COVID has stopped many things in the world, but it hasn’t halted immigration to Israel, known in Hebrew as “aliyah”. And for the first nine months of 2021, immigration to Israel is up 31% over the same period in 2020—with 20,360 arriving so far in 2021 compared to 15,598 last year. The Israeli press release announcing the numbers on Sunday, ahead of Israel’s “Yom HaAliyah” (or “Immigration Day”) holiday on Wednesday, called the increase a “dramatic rise” in spite of COVID-19.
Pnina Tamano-Shata, Israel’s Minister of Aliyah and Integration, said she is “pleased by the tremendous increase” in the 2021 numbers. “I worked in the government to ensure Aliyah does not stop for a moment—also during the COVID-19 pandemic and lockdowns—because Aliyah is the realization of the Zionist dream,” said Tamano-Shata in the press release.
Since Israel’s re-establishment as a state in 1948, 3,340,000 immigrants have made aliyah to Israel. Yet despite the literal millions of persons so far who have immigrated—persons known in Hebrew in the plural as “olim” or an “oleh” in singular—each one is special.
“I’m moved by each and every Aliyah flight,” said The Jewish Agency for Israel’s Acting Chairman of the Executive and Chairman of the World Zionist Organization Yaakov Hagoel. “…Olim from across the globe chose to come and build their future in Israel. These olim are a strategic asset to the State of Israel and contribute to every aspect of life. We all must contribute to their integration. We are strengthened by each oleh who comes to Israel.”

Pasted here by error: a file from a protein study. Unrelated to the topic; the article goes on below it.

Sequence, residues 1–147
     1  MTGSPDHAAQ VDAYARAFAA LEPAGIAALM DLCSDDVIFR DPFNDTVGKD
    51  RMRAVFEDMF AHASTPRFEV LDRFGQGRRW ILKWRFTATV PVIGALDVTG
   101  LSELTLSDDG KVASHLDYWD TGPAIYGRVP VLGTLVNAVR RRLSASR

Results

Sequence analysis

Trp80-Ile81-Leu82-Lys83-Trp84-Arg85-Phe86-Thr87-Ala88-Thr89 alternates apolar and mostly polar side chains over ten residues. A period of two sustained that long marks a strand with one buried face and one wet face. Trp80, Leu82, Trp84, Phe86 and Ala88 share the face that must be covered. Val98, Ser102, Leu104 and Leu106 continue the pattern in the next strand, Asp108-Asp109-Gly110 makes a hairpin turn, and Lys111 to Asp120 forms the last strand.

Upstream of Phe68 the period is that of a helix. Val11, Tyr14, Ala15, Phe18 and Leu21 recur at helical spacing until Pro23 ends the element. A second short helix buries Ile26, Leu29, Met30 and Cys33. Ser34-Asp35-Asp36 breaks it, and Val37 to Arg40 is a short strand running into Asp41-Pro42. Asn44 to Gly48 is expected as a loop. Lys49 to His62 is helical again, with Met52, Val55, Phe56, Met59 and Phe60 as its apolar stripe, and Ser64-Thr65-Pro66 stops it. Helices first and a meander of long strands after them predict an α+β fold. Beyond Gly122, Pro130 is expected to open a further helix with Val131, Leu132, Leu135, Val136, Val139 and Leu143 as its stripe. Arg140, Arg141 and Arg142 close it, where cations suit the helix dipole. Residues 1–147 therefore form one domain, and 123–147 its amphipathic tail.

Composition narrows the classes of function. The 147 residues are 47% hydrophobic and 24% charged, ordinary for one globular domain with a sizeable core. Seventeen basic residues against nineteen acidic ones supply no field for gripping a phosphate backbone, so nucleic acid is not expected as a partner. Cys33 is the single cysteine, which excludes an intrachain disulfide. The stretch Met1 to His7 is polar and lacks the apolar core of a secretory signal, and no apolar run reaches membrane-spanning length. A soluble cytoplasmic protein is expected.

Hagoel was quoted by the press release as noting “the challenging period and many limitations brought on by the global pandemic,” while the press release also said that the Ministry of Aliyah and Integration and The Jewish Agency have worked to keep immigration continuing “despite the difficulty and limitations on international travel.”
The country with the most immigrants to Israel in 2021 has been Russia, with 5,075 persons making the move, actually a slight decline from 2020. The United States, meanwhile, also saw thousands move to Israel—a 41% increase for that country over 2020—and France saw a 55% increase with 2,819 immigrants.
The 2021 group of immigrants is also a fairly young one. Almost a quarter of them are 17-years-old or younger, and overall 56.8% of the 2021 immigrants are 35-years-old or younger.
Not surprisingly, the two most famous Israeli cities—Jerusalem and Tel Aviv—were the first and second most chosen new home for the immigrants. The coastal city of Netanya was a close third.
Like so many important aspects of Israel, Wednesday’s immigration holiday is a present expression of a powerful past. Yom HaAliyah always occurs at the same time in the Jewish calendar in which the story of Abraham is read. It’s a Biblical account of not just the father of the people of Israel being called to move to Canaan—it’s also the story of the first ever person to make “aliyah”. It’s a story that’s continuing today, in even greater numbers than last year.
(By Joshua Spurlock, www.themideastupdate.com, October 10, 2021)